I thought the chemistry between Ben and Charlotte was a big plus in this story. They do a lot of verbal sparring. Charlotte has been attracted to Ben since they first met, but she doesn't want to be. Ben feels the same way, much to her surprise. She had determined that she would stay a spinster and devote her life to educating young women. She had no desire to marry. And Ben isn't a marrying man anyway. The last thing she'd do is be any man's mistress. If you're like me and you hate the whole mistress angle, don't worry. Actually, Ben doesn't hold any dishonorable intentions seriously. He knows better. He actually turns out to be quite honorable. For many reasons, I just didn't see him as a rake, which is a good thing for me.
There is a bit of suspense, but it's not the major part of the storyline. However, there were things that occurred in the previous books that were discussed and alluded to that left me in the dark regarding the suspense angle. Not enough to frustrate me or spoil the read though. I'm not real big on suspense being too prominent in a romance book, so I was happy that the focus is on the sparring/chase/advance/retreat between Ben and Charlotte. There are some passionate kisses and a well-done love scene, and the author shows very clearly that they are both crazy about each other. I believe the author did a good job in keeping this story period. There was enough sexual tension to make this a lively romance, but the characters acted as people of their times in how they conducted themselves (very important for this reader).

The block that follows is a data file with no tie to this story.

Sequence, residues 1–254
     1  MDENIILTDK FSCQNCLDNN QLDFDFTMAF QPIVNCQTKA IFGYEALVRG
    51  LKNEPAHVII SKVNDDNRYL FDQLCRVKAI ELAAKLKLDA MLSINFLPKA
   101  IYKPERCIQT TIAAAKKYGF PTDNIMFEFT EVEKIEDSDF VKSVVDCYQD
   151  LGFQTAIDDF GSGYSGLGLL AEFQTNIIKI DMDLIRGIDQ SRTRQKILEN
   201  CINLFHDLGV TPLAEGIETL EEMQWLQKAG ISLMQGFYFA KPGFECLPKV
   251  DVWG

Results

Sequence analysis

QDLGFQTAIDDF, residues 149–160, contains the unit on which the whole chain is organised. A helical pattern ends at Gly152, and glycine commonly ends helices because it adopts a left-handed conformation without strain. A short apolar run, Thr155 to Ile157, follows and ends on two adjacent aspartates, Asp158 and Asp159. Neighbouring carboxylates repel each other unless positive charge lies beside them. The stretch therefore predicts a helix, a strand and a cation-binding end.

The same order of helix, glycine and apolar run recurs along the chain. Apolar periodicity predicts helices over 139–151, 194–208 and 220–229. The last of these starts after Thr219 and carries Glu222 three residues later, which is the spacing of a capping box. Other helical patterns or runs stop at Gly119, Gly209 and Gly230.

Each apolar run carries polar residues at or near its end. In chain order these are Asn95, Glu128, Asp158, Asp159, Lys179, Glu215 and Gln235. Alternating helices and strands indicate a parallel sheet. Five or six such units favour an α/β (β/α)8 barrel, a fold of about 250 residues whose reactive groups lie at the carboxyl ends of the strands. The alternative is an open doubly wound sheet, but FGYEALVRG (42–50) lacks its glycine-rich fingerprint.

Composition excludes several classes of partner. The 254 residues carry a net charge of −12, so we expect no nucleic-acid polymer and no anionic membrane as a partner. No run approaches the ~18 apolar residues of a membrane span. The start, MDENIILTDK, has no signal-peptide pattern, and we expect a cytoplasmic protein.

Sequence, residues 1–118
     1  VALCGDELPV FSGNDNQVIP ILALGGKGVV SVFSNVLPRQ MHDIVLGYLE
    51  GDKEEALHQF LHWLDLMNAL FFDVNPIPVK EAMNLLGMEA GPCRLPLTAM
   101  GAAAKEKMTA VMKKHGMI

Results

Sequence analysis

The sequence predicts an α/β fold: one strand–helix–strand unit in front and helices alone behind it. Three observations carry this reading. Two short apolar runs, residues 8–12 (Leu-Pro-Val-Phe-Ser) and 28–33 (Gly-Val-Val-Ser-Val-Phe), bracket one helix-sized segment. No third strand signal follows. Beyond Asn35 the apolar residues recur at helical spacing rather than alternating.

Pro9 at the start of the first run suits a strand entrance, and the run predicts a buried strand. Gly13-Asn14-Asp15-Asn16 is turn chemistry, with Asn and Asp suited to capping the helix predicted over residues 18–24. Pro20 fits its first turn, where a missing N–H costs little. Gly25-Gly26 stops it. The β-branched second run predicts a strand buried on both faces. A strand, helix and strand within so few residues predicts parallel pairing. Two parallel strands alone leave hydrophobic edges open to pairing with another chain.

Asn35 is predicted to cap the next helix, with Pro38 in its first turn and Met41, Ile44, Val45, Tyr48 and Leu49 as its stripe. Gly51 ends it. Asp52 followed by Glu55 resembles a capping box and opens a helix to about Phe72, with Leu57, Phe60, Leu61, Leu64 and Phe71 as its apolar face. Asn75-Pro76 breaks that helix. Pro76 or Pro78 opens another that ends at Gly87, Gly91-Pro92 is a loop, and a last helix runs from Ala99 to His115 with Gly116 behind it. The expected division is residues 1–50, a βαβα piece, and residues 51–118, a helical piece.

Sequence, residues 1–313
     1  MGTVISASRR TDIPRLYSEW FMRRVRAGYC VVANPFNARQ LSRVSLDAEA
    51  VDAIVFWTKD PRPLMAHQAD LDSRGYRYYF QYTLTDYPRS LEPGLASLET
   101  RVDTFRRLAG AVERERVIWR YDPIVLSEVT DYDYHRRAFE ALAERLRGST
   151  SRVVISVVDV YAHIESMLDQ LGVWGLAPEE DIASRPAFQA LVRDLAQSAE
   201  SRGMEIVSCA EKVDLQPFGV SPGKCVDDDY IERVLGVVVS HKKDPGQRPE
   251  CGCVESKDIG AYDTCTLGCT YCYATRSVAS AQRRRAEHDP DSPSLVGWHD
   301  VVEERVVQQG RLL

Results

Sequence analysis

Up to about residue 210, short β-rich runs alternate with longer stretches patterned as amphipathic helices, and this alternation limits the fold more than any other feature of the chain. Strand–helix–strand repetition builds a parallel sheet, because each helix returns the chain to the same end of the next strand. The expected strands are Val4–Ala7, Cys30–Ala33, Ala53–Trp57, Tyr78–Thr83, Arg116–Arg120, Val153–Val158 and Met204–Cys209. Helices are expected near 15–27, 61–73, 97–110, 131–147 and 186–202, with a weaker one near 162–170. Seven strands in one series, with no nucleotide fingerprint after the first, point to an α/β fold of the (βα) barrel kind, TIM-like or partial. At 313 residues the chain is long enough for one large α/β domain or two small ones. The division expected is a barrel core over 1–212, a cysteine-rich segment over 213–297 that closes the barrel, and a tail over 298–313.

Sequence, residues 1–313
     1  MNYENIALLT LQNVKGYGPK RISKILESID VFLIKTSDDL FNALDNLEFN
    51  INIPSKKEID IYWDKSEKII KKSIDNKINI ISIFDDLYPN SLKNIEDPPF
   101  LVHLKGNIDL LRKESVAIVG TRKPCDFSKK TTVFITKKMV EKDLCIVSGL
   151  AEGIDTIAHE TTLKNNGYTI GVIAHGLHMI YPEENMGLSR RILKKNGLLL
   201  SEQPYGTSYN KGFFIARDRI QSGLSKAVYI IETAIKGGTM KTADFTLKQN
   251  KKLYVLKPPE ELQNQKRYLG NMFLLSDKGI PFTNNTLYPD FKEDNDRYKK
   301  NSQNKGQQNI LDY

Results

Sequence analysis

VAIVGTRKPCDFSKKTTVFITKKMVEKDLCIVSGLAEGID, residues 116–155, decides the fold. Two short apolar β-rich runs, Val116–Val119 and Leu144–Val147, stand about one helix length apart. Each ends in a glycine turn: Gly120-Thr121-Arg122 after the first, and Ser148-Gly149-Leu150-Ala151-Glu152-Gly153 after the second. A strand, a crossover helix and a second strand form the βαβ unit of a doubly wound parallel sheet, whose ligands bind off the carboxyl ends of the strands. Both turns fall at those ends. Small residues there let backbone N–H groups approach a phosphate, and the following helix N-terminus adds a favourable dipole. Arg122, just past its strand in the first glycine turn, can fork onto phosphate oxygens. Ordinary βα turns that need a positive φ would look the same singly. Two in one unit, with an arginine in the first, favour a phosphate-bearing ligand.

I think that the narrative relies a bit too heavily on internal dialogue, and less on actual conversation and action, and that would be a negative for some readers. I would have liked more of both, but overall, I thought this was a good read. I enjoyed it, and I had a smile on my face as I finished the epilogue, which was very sweet.
I've give this book a 3.75/5.0 stars because I thought it was good entertainment, and I really liked both Ben and Elizabeth. And I am a sucker for a good spinster/bachelor sparring and fighting their feelings for each other romance. I'd recommend it with reservations as expressed above.(less)